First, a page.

One of the Most Important Names in Burgundy

Today’s Story: Domaine Faiveley

Domaine Faiveley was founded in 1825 as Maison Joseph Faiveley by Pierre Faiveley, a cobbler by trade who was also passionate about wine. Pierre worked his cobbler and wine merchant businesses side-by-side until the end of the 1840s when he decided to put all of his energy into the wine trade. In 1860, Joseph Faiveley began his wine merchant business with vine parcels he inherited from his uncle and his entrepreneurial spirit led him to export wines to Northern Europe to expand his brand. A plasterer, painter, and glazier by trade, Joseph exported his wines most notably to Belgium and the Netherlands and often exchanged his wines for textiles. In 1873, Joseph expanded his holdings by acquiring Nuits-Saint-Georges 1er Cru Les Porêts-Saint-Georges, Les Lavières, and the monopole of Corton Clos des Cortons Grand Cru.

François Faiveley, a doctor by trade, moved to Nuits-Saint-Georges in 1889 and spent the remainder of his life fighting to save the domaine’s vines from phylloxera, the worst crisis in Burgundy’s history at the end of the 19th century. In 1893 the domaine acquired vines in the Nuits-Saint-Georges 1er Cru Les Saint-Georges climat and in 1911 the famed Clos-de-Vougeot Grand Cru parcel.

In 1919, Georges Faiveley took over the domaine and shortly thereafter faced the economic crisis of the early 1930s that nearly destroyed his holdings. During the crisis, the domaine’s cellars were filled with inventory (even Grand Cru wines whose barrels were worth more than the wines inside them) and Georges decided to start the Confrérie des Chevaliers du Tastevin, a rebirth of an ancient wine brotherhood from the Middle Ages. With nobody buying the wines, Georges invited this brotherhood to the domaine and they drank wines together and helped provide rebirth to the popularity of Burgundy wines.

As the economic crisis subsided and Burgundian wines grew in popularity, the domaine acquired more vineyards and remained a family endeavor. In 1947, Guy Faiveley followed in his father’s footsteps and joined the domaine. He also became the Grand Master of the Confrérie des Chevaliers du Tastevin in 1969 and worked tirelessly to share his wines with the brotherhood and the world. In 1976, François Faiveley joined his family domaine at the age of 25 and continued acquiring vineyards. François produced wines known for their rich and concentrated character as well as long aging ability.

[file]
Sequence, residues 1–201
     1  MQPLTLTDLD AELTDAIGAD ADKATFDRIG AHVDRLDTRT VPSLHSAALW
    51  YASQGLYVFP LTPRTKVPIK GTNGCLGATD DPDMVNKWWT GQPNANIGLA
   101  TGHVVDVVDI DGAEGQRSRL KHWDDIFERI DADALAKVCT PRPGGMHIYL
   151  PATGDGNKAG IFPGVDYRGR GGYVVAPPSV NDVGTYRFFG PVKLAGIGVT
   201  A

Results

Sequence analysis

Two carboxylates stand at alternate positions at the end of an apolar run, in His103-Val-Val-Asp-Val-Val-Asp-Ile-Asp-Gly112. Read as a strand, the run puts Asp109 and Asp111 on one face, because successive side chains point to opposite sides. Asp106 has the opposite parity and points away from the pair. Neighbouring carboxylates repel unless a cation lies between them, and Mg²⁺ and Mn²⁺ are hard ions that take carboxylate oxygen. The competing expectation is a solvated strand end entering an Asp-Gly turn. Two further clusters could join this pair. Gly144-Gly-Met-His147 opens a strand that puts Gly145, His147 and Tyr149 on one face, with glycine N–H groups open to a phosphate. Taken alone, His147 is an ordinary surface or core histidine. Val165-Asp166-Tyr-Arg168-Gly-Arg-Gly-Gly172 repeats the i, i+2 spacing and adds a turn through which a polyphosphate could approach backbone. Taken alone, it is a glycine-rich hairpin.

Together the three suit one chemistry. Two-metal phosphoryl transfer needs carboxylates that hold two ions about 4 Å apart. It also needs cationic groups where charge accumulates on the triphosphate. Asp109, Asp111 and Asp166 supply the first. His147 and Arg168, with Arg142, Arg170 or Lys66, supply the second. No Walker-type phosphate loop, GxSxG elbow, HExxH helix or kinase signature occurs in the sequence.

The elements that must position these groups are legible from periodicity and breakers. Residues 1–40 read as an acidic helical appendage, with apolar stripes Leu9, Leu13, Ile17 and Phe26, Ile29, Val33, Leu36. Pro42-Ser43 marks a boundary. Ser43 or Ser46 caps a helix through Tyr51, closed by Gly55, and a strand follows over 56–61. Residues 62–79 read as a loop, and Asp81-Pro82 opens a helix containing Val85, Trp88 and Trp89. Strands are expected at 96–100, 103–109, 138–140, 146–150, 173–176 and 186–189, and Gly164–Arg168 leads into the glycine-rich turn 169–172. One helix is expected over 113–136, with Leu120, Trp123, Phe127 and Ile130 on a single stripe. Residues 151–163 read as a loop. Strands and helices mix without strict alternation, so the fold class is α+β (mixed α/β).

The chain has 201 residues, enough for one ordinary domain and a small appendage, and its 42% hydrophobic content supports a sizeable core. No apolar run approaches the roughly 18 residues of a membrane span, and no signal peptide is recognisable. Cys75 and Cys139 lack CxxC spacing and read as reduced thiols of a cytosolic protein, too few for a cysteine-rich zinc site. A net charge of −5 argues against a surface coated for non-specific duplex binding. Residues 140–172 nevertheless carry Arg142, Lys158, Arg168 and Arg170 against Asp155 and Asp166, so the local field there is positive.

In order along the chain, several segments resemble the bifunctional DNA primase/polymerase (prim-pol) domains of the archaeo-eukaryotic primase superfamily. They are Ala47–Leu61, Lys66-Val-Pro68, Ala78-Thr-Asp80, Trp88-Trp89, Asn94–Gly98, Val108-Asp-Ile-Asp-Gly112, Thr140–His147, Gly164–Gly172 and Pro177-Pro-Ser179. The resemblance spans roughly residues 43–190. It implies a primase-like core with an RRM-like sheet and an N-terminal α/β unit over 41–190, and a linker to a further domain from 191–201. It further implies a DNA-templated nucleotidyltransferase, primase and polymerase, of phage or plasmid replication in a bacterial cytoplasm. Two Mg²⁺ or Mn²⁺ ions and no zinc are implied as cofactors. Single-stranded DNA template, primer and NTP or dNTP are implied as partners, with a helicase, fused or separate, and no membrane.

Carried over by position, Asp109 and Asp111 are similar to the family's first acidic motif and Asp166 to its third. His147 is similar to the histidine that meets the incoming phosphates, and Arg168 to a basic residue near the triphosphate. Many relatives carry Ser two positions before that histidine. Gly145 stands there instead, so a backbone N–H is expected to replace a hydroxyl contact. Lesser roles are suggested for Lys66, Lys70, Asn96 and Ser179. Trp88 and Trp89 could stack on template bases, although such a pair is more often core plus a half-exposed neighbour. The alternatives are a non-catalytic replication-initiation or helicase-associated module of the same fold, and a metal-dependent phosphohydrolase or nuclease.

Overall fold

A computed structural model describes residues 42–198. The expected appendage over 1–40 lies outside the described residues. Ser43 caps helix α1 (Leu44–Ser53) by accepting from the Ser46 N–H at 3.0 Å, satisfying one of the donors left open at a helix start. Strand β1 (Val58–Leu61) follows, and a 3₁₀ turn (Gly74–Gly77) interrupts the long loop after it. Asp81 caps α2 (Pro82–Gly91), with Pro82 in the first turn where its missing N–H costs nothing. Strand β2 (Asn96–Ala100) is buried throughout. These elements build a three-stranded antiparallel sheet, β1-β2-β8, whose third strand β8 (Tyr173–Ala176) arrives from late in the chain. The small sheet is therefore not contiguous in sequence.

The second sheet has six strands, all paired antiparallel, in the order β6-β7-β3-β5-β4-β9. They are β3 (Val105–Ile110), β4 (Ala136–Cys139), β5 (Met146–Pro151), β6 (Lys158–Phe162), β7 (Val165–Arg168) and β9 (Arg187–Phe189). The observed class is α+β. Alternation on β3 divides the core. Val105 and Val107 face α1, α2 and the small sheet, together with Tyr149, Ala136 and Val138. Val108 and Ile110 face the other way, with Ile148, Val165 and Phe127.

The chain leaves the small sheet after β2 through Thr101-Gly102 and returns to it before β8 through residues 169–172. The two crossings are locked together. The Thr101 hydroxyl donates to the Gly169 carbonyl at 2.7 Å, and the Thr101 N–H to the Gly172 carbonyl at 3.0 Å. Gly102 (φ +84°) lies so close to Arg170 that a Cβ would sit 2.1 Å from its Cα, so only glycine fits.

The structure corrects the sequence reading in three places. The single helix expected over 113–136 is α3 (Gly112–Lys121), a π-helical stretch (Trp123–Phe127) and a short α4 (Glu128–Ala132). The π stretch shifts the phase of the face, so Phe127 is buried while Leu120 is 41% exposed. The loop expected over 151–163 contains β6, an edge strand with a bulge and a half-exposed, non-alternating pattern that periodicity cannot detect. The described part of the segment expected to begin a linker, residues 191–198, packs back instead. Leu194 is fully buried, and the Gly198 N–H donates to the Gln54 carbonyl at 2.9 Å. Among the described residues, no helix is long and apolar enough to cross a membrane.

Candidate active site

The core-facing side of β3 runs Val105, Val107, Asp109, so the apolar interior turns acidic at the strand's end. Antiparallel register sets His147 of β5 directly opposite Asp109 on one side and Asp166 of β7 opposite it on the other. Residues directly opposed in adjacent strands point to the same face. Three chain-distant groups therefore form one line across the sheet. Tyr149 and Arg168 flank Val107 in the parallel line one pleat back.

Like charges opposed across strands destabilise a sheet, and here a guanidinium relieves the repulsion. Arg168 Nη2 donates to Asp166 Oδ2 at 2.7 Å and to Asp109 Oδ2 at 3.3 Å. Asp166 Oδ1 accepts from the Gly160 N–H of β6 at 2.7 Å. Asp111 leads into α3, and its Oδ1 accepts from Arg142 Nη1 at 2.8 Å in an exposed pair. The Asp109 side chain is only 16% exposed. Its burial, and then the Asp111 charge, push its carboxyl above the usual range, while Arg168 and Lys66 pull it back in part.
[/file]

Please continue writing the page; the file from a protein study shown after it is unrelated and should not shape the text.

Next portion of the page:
Today, Domaine Faiveley is under the guiding hands of its seventh generation in Erwan and Eve Faiveley. Erwan was always passionate for Burgundy wines and his family’s estate, so he took over from his father in 2005 and quickly set about investing in new facilities to modernize the winery and improve on the already exceptional quality in the wines. In 2014, his sister Eve joined the domaine after working in the cosmetics industry. She is the first daughter in seven generations of the family.

For more including their portfolio of wines, farming and winemaking methods, as well as pictures of the domaine, check out there website here. There are a lot of cool rabbit holes to go down!

Today’s Wine: 1996 Nuits-Saint-Georges 1er Cru Aux Chaignots

100% Pinot Noir; 13% ABV

The 1996 Aux Chaignots is medium garnet in color and moderately transparent. I simply let this breathe for a bit in the glass and there was some funk that needed to blow off, though I decided not to decant the wine in case it became oxidized too quickly. On the nose, I get aromas of dried raspberry and strawberry, cherry, rose, tobacco, forest floor, truffle, wet gravel, thyme, underbrush, and a touch of oak. Once in the mouth, this wine showcases notes of cherry, cranberry, black raspberry, sous bois, dried green herbs, earthy mushroom, slate, and peppery spice. This nicely aged Burgundy is medium-bodied with medium (+) acidity, medium (-) dusty tannins, and a long finish.

Price: $130. Not a bad price for aged red Burgundy from one of the best producers in Nuits-Saint-Georges. This wine has the structure to go a little further, though I would drink up now. Pair this with roasted chicken, roasted pork, feathered game, or mild cheeses.

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